Kriyaa Hi Vastoopahutaa Praseedati

History of India and Indian National Movement, Study Materials

Regional Revolts before and after 1857

Indigo Revolt or Blue Rebellion

Thousands of ryots refused to grow Indigo in Bengal in 1859 AD. The English had established the monopoly production of Indigo by capturing land in Bengal and Bihar. In 1860, the peasants of Patna and Nadia districts refused to pay rents to the planters and attacked factories. The rebels here supported by local zamindars and village headmen.

Ashley Eden, the lieutenant governor of Bengal tried to appease the ryots and issued an order by which no ryots would be forced to accept the contract. After the rebel, the plantation of Indigo was shifted from Bengal to Bihar. In Champaran, the workers revolted in Bihar. In Champaran, the workers revolted in 1867-68 and later in 1917 in the leadership of Mahatma Gandhi.

There was a strong demonstration against the cultivation of indigo in Champaran (Bihar) in 1866-68. The indigo crisis continued till the beginning of the 20th century when M. K. Gandhi had intervened in favour of the indigo cultivators. And finally, after his intervention the long pending problem got some solution.

Adivasis Movement

In 1772, the Paharia Revolt broke out followed by five years uprising led by Tilka Manjhi. The Tomar and Munda revolts occurred. In the next twenty years, various revolts occurred in Singhbhumi, Gumla, Birbhumi, Bankura, Manbhoomi and Palamu followed by the Kol uprising in 1832 and the Khewar and Bhunji revolts in 1832 to 1834.

Khasi Uprising

‘Khasi’ is a tribal community which lives in the region between Garo and Jaintia Hills. Khasi uprising of 1783 was in protest of East India Company’s effort to build a road link between Brahmaputra Valley and Sylhet.

The leaders of this revolution were Tirath Singh and Ganga Singh. This uprising developed into a popular revolt during British rule. By 1833, the revolt was suppressed by English military action.

Pagal Panthi Uprising

Pagal Panth was a semi-religious sect which had influence in the northern districts of Bengal. Karan Singh was its founder and Tipu Shah was successor of this movement. Tipu Shah took up the cause of the peasants against atrocities and oppression by Zamindars. Tipu captured Sherpur in 1825 and assumed royal power. This uprising crushed with the help of army in 1833.

Ahom Revolt

Gomadhar Konwar leaded this revolt. This revolt broke out in Assam. The British had promised to withdraw from Assam after First Burma War (1824-26), but instead of withdrawing the British attempted to annex Ahom’s territory in the Company’s dominion. As a result of the rebellion the company was forced to hand over Upper Assam to Maharaja Purandar Singh Narendra and part of kingdom was restored to the Assamese King.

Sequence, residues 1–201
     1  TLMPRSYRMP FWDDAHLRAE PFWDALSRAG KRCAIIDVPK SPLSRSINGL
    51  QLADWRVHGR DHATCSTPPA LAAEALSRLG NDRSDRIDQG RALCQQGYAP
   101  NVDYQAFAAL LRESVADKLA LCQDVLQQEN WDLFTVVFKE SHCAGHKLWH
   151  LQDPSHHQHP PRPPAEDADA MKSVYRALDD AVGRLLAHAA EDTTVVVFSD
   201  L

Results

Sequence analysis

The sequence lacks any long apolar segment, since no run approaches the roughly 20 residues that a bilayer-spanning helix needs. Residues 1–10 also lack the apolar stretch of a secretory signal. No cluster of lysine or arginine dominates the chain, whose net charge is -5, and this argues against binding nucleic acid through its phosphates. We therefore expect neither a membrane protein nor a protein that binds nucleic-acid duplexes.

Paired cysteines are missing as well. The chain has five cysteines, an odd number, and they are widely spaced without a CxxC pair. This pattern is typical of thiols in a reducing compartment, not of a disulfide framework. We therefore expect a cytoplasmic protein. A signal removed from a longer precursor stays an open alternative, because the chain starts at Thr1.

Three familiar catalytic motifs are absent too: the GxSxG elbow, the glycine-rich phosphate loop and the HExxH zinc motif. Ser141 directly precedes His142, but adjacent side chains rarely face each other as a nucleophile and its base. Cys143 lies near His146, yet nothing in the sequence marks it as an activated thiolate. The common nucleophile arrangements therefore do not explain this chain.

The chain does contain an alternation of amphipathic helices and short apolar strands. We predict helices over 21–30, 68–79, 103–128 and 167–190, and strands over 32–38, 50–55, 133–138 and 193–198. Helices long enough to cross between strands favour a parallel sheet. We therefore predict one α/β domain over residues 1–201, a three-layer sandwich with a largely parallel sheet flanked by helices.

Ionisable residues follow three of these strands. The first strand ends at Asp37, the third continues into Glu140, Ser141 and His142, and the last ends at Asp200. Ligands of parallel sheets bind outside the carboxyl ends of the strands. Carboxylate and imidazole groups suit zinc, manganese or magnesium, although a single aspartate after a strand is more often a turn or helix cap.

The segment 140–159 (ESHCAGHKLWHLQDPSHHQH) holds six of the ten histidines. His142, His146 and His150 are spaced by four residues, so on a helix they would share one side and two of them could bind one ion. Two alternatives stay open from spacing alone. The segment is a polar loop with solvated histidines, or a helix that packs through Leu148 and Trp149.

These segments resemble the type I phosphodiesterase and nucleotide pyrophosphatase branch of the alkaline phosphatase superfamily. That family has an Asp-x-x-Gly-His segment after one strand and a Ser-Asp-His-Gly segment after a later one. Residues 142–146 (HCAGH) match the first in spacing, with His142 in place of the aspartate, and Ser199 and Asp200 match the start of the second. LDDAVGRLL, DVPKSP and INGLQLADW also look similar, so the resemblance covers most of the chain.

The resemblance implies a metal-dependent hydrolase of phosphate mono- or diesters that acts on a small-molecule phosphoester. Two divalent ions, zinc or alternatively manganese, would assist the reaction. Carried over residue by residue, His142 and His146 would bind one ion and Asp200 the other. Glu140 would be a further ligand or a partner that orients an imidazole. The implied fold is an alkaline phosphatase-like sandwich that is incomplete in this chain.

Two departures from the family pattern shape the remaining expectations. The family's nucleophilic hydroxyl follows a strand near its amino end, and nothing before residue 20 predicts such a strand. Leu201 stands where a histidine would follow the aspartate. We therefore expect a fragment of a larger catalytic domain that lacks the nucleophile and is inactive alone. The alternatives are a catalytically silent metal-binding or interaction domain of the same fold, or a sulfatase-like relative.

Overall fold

Santhal Revolt

The Santhal hul or santhal revolt of 1855-56 was held against the permanent settlement of Lord Cornwallis. Sindhu and Kanhu Murmu were the leaders of the revolt in which thousands of Santhals took part. A forest regulation was passed in 1878 which imposed restrictions upon adivasis. The act divided the forest lands in India into three categories – reserved, protected and unclassified. The act changed the traditional rights of adivasis on the forest and forest became state property. In 1914, Jatra Oraon started Tana Bhagat Movement and 25,000 adivasis joined the movement. The Khasis living in Assam and Meghalaya revolted against the British.

Pabna Uprising

“Pabna Uprising” was a movement by the peasants against landlords in the Pabna districts of Yusufzahi Paragana of East Bengal in 1872. In 1873, an Agrarian League was formed by Ishan Chandra Roy, Shabhu Pal and Khoodi Mallah. Peasants refused to pay enhanced rents of land and fought against zamindars in the court. The discontent of peasants continued till 1885 when the Government enhanced occupancy rights by the “Bengal Act of 1885”.

Munda Rebellion

Birsa Munda started revolt against the British policies. Zamindars and moneylenders were exploiting the Adivasis. Munda rebellion resulted in the Chotanagpur Tenancy Act of 1908. It banned forced labour and assured local customary land rights to the tribals. For more than three decades the Munda Sardars had been fighting against destruction of their system of common land holdings by the jagirdars, thikadars and money lenders. The revolt of the Munda took place during 1899 – 1900 under the leadership of Birsa Munda who mobilized his followers on religious and political grounds. In 1899, Birsa declared a revolt to establish Munda rule in the land by billing thikadars, jagirdars, Rajas, Hakims and Christians. For this he congregated force of 6,000 Mundas. He was, however, captured in February 1900 and died in jail in June.

Sanyasi Revolt

The British rule in Bengal after 1757 brought a new economic order which spelt ruin on Zamindars, peasants and artisans alike. The famine of 1770 and the insensibility on the part of the company was regarded to be the main cause of alien rule. The restriction imposed on visits to holy places alienated the sanyasis. The Sanyasis in retaliation started attacking on the company’s factories and state treasuries. Warren Hastings could contain these sanyasi raids only after massive millitary actions.

Mopla Revolt

In 1921, the Mopla rebelled in Malabar region. The Mopla peasants were Muslims but the landlords were Hindus. Excessive land revenue demands, extra cesses and insecurity of land tenures were reason of rebel.

The Wahabi Movement

It was named after Abdul Wahab. It was a religious movement and aimed at the restoration of Muslim powers and fighting against the British and the Sikhs. The Wahabi movement was suppressed by the British government in 1870.


Sources

  1. Module-3 Modern India by NIOS
  2. Modern India by Bipin Chandra
  3. Class-12 Tamil Nadu State Board History Book
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